1990 13th Conference - Unicoi State Park, Georgia. Doyle Bickers, President. Keynote by Eliot Wigginton, The Foxfire Experience. Music by the Foxfire Boys and Norman and Nancy Blake. Papers by John Hennen, Sandra Ballard, Clyde McCoy and Benita Howell.
1991 14th Conference - Berea College. President Wilburn Hayden and Keynote speaker Wilma Dykeman. Discussion of David Fischers Albions Seed. Appalshop film, Gurney Normans story Fat Monroe. Paper: Dont Let it Acid Rain on our Appalachian Parade.
1992 15th Conference - Asheville, North Carolina. President Roberta Herrin. Keynote speaker David Whisnant. Sally Maggard paper Will the Real Daisy Mae Please Stand Up. Jewel Ridge Theater Group. Jean Speer, From Stereotype to Regional Hype.
1992 ASA office management taken over by ETSU - Center for Appalachian Studies
1993 Steve Fisher, Fighting Back in Appalachia
1993 16th Conference - Johnson City, Tennessee. President Rebecca Hancock. First Annual Cratis D. Williams Service Award and Sixth Annual Youth Conference. Keynote by Noah Adams. Howard Dorgan paper on The No-Heller Baptists. ETSU Bluegrass Band.
1993 First Ohio Appalachian Conference
1994 Appalachian Studies Association granted 501c3 status retroactive to 1977. Organization office moved to West Virginia University linked to Regional Research Institute.
1994 17th Conference - Virginia Tech. Theme: Appalachia and the Politics of Culture. Alice Brown, President and Keynote speaker: Archie Green. Discussion of The Kentucky Cycle. Talk by Congressman Rick Boucher. Papers on gender roles and the Celtic Connection.
1994 Loyal Jones, Appalachian Values
1995 18th Conference - West Virginia University. President Ron Lewis and Welcome by Jesse White, Appalachian Regional Commission. Herby Smith. Appalshop film: Beyond Measure. Papers on womens health care, tobacco economy and visit to Arthurdale. Keynote by Denise Giardina and music by Carl Rutherford, Kate Long and Melvin Wine. The last Youth Conference .
1995 First issue of ASAs Journal of Appalachian Studies published
1995 Jerry Williamson, Hillbillyland: What the Movies Did to the Mountains and What the Mountains Did to the Movies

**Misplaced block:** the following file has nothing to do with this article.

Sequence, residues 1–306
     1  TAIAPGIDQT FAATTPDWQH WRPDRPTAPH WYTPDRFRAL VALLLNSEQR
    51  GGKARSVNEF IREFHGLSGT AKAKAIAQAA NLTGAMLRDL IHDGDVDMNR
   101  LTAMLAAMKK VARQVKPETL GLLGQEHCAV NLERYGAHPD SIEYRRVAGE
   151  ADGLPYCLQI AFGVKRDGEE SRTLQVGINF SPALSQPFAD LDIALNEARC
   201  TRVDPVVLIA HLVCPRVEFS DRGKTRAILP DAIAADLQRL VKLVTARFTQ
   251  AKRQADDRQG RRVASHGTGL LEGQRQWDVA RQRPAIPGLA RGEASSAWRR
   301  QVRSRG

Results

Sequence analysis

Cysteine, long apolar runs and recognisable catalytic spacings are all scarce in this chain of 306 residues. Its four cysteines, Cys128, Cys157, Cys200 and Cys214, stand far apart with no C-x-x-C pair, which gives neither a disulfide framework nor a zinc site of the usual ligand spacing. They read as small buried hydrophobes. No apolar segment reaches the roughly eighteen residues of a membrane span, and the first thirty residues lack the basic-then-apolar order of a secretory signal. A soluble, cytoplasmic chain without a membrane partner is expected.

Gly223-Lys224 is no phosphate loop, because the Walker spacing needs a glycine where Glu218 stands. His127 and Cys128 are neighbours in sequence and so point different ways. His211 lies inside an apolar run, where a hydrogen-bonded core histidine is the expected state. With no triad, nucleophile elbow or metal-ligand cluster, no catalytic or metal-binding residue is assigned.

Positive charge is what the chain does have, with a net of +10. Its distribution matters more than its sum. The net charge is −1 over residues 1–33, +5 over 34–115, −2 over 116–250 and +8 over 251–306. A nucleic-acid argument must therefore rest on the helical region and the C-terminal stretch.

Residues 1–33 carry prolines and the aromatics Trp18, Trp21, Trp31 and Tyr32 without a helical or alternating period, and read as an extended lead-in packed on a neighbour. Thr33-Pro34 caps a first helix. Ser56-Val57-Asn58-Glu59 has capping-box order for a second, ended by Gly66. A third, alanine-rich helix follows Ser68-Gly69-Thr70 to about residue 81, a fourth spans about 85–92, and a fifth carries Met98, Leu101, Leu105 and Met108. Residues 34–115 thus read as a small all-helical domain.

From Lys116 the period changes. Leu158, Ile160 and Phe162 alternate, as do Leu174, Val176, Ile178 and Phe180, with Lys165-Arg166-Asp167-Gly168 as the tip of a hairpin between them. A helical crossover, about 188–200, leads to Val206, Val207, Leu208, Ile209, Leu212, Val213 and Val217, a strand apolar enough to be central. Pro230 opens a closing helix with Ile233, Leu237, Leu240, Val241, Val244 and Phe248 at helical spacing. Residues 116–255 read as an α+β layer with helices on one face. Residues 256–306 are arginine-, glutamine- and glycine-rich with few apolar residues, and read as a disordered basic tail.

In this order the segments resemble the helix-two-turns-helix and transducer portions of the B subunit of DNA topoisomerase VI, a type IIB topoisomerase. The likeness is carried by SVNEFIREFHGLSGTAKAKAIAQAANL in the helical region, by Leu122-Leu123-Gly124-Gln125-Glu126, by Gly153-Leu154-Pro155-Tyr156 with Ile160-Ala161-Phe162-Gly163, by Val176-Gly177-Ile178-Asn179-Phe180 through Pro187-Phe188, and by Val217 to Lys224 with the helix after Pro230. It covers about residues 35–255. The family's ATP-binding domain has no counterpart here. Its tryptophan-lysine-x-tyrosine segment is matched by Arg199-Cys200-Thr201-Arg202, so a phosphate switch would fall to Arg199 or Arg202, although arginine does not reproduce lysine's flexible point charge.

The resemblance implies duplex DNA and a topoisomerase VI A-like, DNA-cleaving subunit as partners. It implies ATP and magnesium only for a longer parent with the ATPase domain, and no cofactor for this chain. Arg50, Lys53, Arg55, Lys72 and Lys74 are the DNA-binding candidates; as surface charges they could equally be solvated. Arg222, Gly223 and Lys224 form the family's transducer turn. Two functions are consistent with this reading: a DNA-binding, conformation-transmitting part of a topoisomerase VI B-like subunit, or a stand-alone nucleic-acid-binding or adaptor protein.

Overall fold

1996 19th Conference - Unicoi State Park, Helen, Georgia. President John Inscoe - Keynote by Helen Lewis and George Reynolds - Foxfire Tour. Discussion Deborah McCauleys Appalachian Mountain Religion.
1996 Jim Wayne Miller died, August
1996 Wilma Dunaway, The First American Frontier: Transition to Capitalism in Southern Appalachia, 1700-1860
1997 20th Conference - Ft. Mitchell, Kentucky. Co-sponsored by Urban Appalachian Council, Cincinnati, Ohio. Dwight Billings, President. Jean Ritchie concert in Ohio. Honoring James S. Brown. Affrilachian poets. Emphasis on urban history and migration.
1998 21st Conference - Appalachian State University, Boone, North Carolina. President, Howard Dorgan and Keynote, Lee Smith. Over 500 in attendance. Ron Rash read poetry From Mountain to Mill. First Silent Auction.
1998 Marshall University establishes Center for the Study of Ethnicity and Gender in Appalachia.
1998 Appalachian Studies Association Website Committee was established.
1999 22nd Conference - Southwest Virginia Center for Higher Education, Abingdon, Virginia. President Steve Fisher. Keynote speaker Jo Carson. Concert by Hazel Dickens. Attendance tops 700. Papers on Women, Place and Social Justice. Big Creek People in Action and other community groups participate.
2000 23rd Conference - University of Tennessee, Knoxville. President Jim Lloyd. Theme: Regional Stewardship for the Millennium. Laurel Theater Music. Visit to Highlander Center. Papers on Oak Ridge and Collaborative and Participatory Research.
2001 24th Conference - Snowshoe, West Virginia Ski Resort. President Sally Maggard. Keynote Rachel Thompkins. Book Forum The Road to Poverty by Billings and Blee. Jesse White, ARC Federal Co-Chair. Not so Silent Auction and first T-Shirts of Appalachian Pioneers with fashion show.
2001 Appalachian Studies Association moved office to Marshall University, Huntington, West Virginia
2002 25th Conference - Unicoi State Park, Helen, Georgia. Helen Lewis, President